From New International, Vol.2, No.1, January 1935, p.31.
Transcribed & marked up by Einde O’Callaghan for the Encyclopaedia of Trotskyism On-Line (ETOL).
Literature and Dialectical Materialism
By John Strachey
54 pp. New York. Covici-Friede. $1.
One of the chief businesses of Oxford University, the training school for English gentlemen, is to teach its students to write well and talk well on subjects with which they have little acquaintance. So important is this task considered, that for their first two years every Oxford student, no matter what field he may be specializing in, is required to write one essay a week on a literary or philosophical theme; and every ambitious student is also a member of the Oxford Union, the famous debating society whose weekly meetings train the future members of the British Parliament. In Parliament itself, the same course is continued. There, too, members are expected to talk well on subjects about which they know little; and to write well in the leading weeklies.
John Strachey has gone through the full curriculum. His Oxford days were followed shortly by several years as a Labor member of Parliament. He split with the Labor Party along with the group headed by Sir Oswald Mosley. As Sir Oswald moved more openly into the Fascist current, Strachey broke to the Left, and steered toward the revolutionary movement. He marked his passage by the excellently readable The Coming Struggle for Power; but shortly after became diverted into the shoals of Stalinism, where, unfortunately, he still flounders. Even an Oxford manner cannot resist Stalinism: The Menace of Fascism, which followed The Coming Struggle for Power, is a bad book, badly thought and badly written.
I do not minimize the importance of being able to write well and speak well. Strachey can do both. He is perhaps the first contemporary English writer who has been able to make Marxism reasonably intelligible and reasonably persuasive to many individuals from the middle classes, particularly to intellectuals and professionals. This is not a small matter. The movement needs, and must have, supporting sections from the audience he addresses. Nevertheless, it must be pointed out that it is Strachey’s duty to think somewhat further, and to know more. When Marx spoke of members of the middle classes who attained a perspective of the historical process as a whole, he did not visualize this as leading them to make barnstorming tours for pacifist substitutes for a political party like the American League Against War and Fascism – Strachey’s current occupation.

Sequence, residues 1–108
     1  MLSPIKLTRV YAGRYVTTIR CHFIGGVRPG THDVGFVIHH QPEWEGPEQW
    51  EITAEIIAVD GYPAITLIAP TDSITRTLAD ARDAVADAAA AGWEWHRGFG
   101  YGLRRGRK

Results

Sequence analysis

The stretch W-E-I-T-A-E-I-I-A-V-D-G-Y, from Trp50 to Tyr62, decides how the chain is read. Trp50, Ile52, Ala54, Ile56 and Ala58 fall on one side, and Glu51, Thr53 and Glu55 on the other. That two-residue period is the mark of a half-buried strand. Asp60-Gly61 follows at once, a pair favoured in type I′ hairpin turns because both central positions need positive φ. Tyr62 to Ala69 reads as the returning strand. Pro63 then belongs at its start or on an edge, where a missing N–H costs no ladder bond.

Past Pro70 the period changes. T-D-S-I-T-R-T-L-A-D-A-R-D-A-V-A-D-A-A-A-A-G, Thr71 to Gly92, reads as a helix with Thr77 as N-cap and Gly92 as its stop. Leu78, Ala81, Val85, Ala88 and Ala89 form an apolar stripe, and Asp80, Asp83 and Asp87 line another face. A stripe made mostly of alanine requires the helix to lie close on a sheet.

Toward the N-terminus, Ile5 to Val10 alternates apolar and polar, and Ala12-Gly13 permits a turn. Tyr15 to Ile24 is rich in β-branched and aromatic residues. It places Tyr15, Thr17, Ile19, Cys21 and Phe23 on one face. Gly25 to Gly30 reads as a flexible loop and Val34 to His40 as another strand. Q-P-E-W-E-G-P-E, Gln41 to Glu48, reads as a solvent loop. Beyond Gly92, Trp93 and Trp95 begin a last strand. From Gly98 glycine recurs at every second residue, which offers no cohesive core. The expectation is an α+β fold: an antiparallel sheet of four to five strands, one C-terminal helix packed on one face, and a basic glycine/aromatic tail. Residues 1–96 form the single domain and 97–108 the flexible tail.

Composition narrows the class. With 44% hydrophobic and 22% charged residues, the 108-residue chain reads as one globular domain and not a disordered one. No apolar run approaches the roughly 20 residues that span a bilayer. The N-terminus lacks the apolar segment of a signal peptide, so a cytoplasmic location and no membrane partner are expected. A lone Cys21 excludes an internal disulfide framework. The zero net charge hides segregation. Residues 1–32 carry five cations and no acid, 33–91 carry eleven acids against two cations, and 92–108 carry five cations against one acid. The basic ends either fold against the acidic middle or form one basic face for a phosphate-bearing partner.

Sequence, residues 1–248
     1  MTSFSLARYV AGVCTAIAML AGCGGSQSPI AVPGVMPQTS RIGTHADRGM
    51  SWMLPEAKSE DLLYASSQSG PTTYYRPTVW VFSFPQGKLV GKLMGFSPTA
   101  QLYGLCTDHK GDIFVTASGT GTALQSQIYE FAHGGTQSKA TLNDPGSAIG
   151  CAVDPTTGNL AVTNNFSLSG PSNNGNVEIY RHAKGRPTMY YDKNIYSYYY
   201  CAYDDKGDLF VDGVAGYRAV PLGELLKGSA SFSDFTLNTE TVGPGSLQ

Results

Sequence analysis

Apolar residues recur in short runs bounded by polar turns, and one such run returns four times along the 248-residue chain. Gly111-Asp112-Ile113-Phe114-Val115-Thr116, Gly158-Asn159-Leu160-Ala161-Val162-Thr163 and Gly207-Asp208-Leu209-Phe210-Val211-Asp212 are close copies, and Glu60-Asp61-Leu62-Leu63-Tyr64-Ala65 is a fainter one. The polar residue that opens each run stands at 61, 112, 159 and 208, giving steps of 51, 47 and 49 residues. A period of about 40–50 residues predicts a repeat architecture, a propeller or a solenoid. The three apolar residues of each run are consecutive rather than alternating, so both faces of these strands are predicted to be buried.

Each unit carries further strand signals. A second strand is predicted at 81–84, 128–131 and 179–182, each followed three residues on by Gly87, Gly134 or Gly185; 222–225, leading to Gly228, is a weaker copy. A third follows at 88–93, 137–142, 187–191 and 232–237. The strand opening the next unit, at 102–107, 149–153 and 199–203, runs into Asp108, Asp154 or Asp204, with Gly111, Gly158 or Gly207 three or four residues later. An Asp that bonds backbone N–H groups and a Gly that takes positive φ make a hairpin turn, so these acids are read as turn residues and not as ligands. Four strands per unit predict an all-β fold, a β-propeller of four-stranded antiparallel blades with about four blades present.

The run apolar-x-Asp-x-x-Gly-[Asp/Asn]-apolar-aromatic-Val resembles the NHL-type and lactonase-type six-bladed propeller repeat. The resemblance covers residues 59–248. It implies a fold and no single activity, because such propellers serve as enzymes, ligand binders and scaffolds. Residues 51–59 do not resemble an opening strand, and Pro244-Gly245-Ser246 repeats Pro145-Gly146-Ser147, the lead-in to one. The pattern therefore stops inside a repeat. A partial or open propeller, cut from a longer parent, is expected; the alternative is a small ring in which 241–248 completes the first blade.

Literature and Dialectical Materialism is not, as its title suggests, a systematic attempt to present a rounded Marxian approach to literature. It is the expansion of a lecture delivered last year to the New York John Reed Club, and is not so much an essay as a scries of partly connected reflections on certain literary and social problems. Strachey discusses briefly the incompatibility between Fascism and good literature; the general division between bourgeois and proletarian literature; the decadence of contemporary bourgeois literature; a poem of Archibald MacLeish’s as an example of bourgeois literature; a poem of Stephen Spender’s as an example of proletarian literature; and Hemingway as a literary Nihilist. In spite of its slightness, this book is not without value. It is easy reading, persuasive, and if it does not answer fundamental problems it at any rate poses a number of them.
The last word has by no means been said about Marxian literary criticism. Indeed, we have got but a short distance beyond the first page. The recognition of the dependence of the ideology and content of works of art upon social conditions, and the analysis of social conditions in Marxian terms is, however indispensable, hardly more than a starting point for criticism. There remain the myriad specific and concrete problems of the analysis of the works and schools and traditions and trends of literature and art; and these alone are what give meaning to tne abstract categories of our starting point. Strachey is aware of the difficulties, as he suggests when, after praising Granville Hicks highly, he says of him nevertheless that “He hardly seems to pay enough attention to the merits of writers as writers”. But this is hardly an answer. It is, after all, close to the crux of the issue.
Last updated: 8.3.2005